Audiences are "more demanding" post-pandemic - Omid Djalili

Omid Djalili embarks on his Good Times tour – very much also a tour for changed times.

Omid Djalili
Omid Djalili

Things are certainly different as we emerge from the pandemic, Omid says.

He was noticing it in the first few days as he hit the road.

Shows coming up include Guildford’s G Live on Nov 18; Chichester Festival Theatre on Nov 22; Bexhill’s De La Warr Pavilion on Mar 19 2022; and Hastings’ White Rock Theatre on Oct 29 2022.

“I think we have all changed. I think there is a new normal. You can tell it from the audience.

“ The difference is that everybody has been at home watching stuff digitally and they are now demanding higher-quality content.

“Stuff that I was saying in comedy clubs that would have got a ‘Wahay!’ or a cheer, well, it has changed. I was doing a joke about Covid variants, the kind of thing that you would put on Twitter. I said something and there was a groan and somebody said ‘Oh my God!’ It was like ‘For God’s sake, is that the best you can do?’

“I think new audiences are more empowered and very entitled. They are demanding better quality, and I think that that is good.

“And I think people are way more intolerant about jokes about the other. The Paddy jokes, the Scottish jokes, they all went out in the 1970s. But now they won’t tolerate jokes about somebody who is other in some way, somebody who is German or whatever. We have got to be thinking about really important stuff about people’s lives and experiences.”

And certainly it is difficult talking about the pandemic: “You find that if the joke is not brilliantly funny, then people will get twitchy. If it is actually brilliantly funny, then they will go with it. If you are trying to create something new – and new comedy is all about clutching something out of the air – then I do think people will appreciate that shared experience.

“But I think people want you to talk about the pandemic. They want you to talk about politics and where we are. They want you to talk about what we have all been through and how things have changed. They want to reflect on all the terrible things that have happened. It is about finding the right moment.”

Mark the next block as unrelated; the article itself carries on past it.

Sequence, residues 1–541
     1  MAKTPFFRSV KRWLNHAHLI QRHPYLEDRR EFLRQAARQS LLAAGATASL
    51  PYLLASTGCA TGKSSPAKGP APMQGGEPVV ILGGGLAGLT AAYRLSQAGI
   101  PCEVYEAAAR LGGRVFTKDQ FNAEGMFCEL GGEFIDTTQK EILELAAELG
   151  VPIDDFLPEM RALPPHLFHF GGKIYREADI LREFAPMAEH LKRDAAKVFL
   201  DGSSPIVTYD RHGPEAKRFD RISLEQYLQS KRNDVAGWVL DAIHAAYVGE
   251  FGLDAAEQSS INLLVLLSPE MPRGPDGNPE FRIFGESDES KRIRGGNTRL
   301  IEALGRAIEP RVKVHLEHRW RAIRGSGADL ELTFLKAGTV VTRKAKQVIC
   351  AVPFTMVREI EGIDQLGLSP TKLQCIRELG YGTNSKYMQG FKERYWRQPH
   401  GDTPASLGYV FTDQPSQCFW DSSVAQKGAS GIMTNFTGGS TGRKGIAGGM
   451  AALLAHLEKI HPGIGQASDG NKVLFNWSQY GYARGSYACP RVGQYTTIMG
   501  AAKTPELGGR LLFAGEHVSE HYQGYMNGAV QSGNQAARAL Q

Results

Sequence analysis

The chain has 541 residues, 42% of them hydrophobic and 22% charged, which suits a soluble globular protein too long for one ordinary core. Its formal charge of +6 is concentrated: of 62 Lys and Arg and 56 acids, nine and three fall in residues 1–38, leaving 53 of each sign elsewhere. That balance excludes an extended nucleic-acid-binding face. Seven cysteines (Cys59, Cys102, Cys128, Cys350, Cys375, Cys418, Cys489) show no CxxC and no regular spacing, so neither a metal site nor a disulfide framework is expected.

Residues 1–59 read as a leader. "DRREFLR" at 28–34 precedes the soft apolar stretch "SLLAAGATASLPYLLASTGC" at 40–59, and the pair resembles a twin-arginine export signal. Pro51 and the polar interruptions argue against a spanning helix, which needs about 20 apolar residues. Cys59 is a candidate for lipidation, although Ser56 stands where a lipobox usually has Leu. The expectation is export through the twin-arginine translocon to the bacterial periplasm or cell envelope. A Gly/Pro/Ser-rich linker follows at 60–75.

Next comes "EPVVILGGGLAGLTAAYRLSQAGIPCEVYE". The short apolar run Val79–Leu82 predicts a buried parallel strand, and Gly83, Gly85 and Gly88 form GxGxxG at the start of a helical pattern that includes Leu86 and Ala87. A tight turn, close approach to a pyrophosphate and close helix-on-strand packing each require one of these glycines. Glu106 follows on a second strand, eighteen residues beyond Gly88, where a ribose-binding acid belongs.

And Omid has changed too: “I have certainly really appreciated coming back to stand-up comedy.”

Omid cites a gig in Telford. A smallish venue. No big deal. The gig was something to get through in order to get to the hotel afterwards. But not anymore.

“It is a 640-seat venue. But now there are only 200 people there and I absolutely cherished it. I loved every moment. I absolutely loved being on stage and I wanted to stay there.”

So in that sense the pandemic has energised him, he says: “I really appreciated the job because I haven’t done it for 20 months. I just loved being back there doing it again after all this time.”

A firm favourite at the Edinburgh Festival, Omid’s stand-up awards include the Time Out Award for Best Stand Up and the EMMA Award. He’s also been a nominee for a Perrier Award and the South Bank Award. His credits range from Hollywood to television, the West End Stage to his critically acclaimed performance as Tevye in Fiddler on the Roof. Omid’s drama, Letter For The King was on Netflix and the second series of His Dark Materials aired on the BBC. He is also the host of ITV quiz show Winning Combination, which aired in November 2020.